Amid the increasing number of Tibetan museums and the flourishing preservation of plateau culture, China claims that these cultural institutions play a vital role in promoting education and cultural understanding among tourists, especially the younger generation. These museums have become affordable and culturally enriching attractions, drawing attention during the peak tourist season.
According to recent report, China is claiming that this cultural expansion showcases Tibet's rich heritage and offers a convenient way for people to connect with the region's history, culture, and customs, contributing to Tibet's social and cultural development.
Museums play a key role in the preservation and promotion of cultural heritage and help understand history better. However, the presence of museums & cultural institutions in occupied Tibet is striving to legitimize China's claim to authority over the region, as well as to promote a particular Chinese narrative about Tibetan history & culture.
The so called Ali Museum in Tibet claims to be 5956.34 square meters, was inaugurated as part of the 8th Xiangxiong Cultural Tourism Festival. While the festivities portray a vibrant celebration of local culture, a closer look reveals a deeper narrative of identity suppression. The museum, purportedly showcasing the history and culture of the region, instead presents a tailored version of Tibetan heritage that aligns with the Chinese narrative.
The most striking change is the name itself. The term "Ngari," which resonates with the Tibetan community in Tibet or in exile, has been replaced with the Mandarin name "Ali". This linguistic shift is not just a casual translation; it reflects the ongoing effort by the Chinese government to strip Tibet of its distinct identity and assimilate it into the broader Chinese framework.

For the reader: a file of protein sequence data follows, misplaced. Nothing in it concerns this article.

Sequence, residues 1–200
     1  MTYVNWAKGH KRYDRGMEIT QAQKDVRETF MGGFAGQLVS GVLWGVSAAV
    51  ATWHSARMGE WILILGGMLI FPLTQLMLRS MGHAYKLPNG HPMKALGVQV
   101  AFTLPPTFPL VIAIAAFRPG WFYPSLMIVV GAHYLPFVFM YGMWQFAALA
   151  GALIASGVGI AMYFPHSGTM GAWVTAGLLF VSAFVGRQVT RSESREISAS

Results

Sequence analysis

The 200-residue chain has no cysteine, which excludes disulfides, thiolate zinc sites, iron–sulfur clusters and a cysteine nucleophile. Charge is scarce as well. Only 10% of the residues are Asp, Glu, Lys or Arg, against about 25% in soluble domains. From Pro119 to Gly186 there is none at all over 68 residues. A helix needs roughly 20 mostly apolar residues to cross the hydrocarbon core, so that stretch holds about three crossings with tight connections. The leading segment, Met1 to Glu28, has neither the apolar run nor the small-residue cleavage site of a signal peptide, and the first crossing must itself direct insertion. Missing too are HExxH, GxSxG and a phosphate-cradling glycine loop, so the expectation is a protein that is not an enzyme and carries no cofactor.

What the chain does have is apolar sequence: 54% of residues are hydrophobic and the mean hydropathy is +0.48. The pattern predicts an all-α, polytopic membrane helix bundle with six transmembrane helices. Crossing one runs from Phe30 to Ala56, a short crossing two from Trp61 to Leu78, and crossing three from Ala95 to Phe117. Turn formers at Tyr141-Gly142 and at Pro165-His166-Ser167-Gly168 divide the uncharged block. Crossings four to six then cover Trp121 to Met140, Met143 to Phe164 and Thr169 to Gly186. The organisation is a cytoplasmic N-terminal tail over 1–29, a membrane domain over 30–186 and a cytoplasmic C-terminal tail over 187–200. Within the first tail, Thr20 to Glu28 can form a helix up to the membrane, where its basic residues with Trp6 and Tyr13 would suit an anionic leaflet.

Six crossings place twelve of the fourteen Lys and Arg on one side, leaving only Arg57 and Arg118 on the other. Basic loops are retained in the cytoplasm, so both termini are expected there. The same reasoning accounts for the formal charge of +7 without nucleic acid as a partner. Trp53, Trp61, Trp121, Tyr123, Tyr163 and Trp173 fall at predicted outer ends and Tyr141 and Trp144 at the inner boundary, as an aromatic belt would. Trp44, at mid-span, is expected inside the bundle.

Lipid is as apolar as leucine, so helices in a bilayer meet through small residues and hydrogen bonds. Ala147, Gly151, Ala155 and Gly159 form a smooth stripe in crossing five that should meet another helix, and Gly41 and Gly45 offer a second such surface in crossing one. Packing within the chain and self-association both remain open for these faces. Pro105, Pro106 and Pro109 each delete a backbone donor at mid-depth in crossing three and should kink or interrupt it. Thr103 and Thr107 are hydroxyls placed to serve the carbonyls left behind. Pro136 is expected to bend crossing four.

Seven permanent exhibitions within the museum subtly propagate the Chinese viewpoint, relegating the rich Tibetan history and heritage to the periphery. Themes such as "Alibaba's natural geography" and "outstanding historical figures of Alibaba" underscore the distortion of Tibetan history, conveniently molding it to fit a Chinese context. The manipulation of historical events and the omission of significant aspects of Tibetan culture further underline the agenda to rewrite the region's narrative.
In 2021, CCP launched a “memorial hall” to “display the photos and items from the serfdom era”. The hall claimed to showcase “torture instruments and ritual artifacts made from serfs' bones and skin, and those recording the democratic reform and serfs' new lives”. This is in continuation of the CCP propaganda of the so-called ‘Serf Emancipation Day’ - it was invented in January 2009, more specifically to counter the March 10th Tibetan uprising day. As pointed out by Tsewang Gyalpo Arya, all these talks of liberation, democratic reform, and economic development are a farce and pure propaganda to mislead the international community and to justify its illegal occupation of Tibet.
The Potala Palace, the erstwhile winter palace of His Holiness the 14th Dalai Lama has also been converted to a museum. With nearly 800 sensors placed around the palace, multiple monitoring tools and nine kilometers of fiber optic cables installed inside, the sacred space of Tibetans has been reduced to spectacle. Today, Potala Palace has been commodified as a tourist attraction; China state-sponsored media and Chinese bureaucrats use Potala as the poster child for Han Chinese tourism. This, along with the musealisation of the palace, are attempts to erase the past, and the religious and cultural significance of the Tibetan structure.
The construction of these museums also ties into China's broader agenda of increasing tourism in the region. This influx of tourists serves as a form of cultural colonization, further undermining Tibetan identity and autonomy.
There is one museum that serves as a testimonial to the resistance and resilience of Tibetans forced into exile by China. The Tibetans-in-exile have been putting up a brave fight against the misrepresentation of their past by China. The Tibet Museum at Dharamshala, India is a “museum made by and for Tibetans” with an aim to “challenge the representations of Tibet and Tibetan people that feature in museums in China” and elsewhere. The museum tells a “different story”; Tibet in this museum “has a past, a present and a future”, unlike China’s museums which are packaged spectacles that tell stories of pain, anger and betrayal.
Edited and collated by Team TRC